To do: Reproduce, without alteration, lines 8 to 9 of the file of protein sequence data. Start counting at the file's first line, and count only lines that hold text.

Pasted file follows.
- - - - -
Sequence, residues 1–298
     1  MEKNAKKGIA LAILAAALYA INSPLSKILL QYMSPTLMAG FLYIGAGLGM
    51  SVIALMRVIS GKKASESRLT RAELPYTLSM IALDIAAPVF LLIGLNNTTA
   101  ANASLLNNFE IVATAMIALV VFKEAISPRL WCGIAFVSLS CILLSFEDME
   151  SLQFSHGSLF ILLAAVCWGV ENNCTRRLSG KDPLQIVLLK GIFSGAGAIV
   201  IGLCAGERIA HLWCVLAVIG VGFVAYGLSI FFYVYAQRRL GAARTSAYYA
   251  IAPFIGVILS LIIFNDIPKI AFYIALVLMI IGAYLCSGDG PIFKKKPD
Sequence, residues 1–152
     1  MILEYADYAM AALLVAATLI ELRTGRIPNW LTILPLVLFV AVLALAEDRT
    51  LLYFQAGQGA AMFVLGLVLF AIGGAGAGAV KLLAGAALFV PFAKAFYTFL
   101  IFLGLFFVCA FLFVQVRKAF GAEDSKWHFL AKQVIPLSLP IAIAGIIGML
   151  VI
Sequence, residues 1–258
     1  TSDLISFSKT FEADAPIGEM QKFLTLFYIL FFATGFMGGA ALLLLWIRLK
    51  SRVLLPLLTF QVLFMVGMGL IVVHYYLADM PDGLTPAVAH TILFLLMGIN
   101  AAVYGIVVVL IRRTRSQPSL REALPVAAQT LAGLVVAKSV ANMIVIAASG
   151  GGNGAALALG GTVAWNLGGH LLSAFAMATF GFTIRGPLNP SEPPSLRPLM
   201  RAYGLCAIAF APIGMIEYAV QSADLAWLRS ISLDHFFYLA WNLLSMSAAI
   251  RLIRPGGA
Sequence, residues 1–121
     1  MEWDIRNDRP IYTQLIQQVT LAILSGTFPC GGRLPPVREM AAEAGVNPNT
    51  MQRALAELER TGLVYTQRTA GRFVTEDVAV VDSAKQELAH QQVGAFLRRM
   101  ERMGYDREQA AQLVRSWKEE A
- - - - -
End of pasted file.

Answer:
Sequence, residues 1–152
     1  MILEYADYAM AALLVAATLI ELRTGRIPNW LTILPLVLFV AVLALAEDRT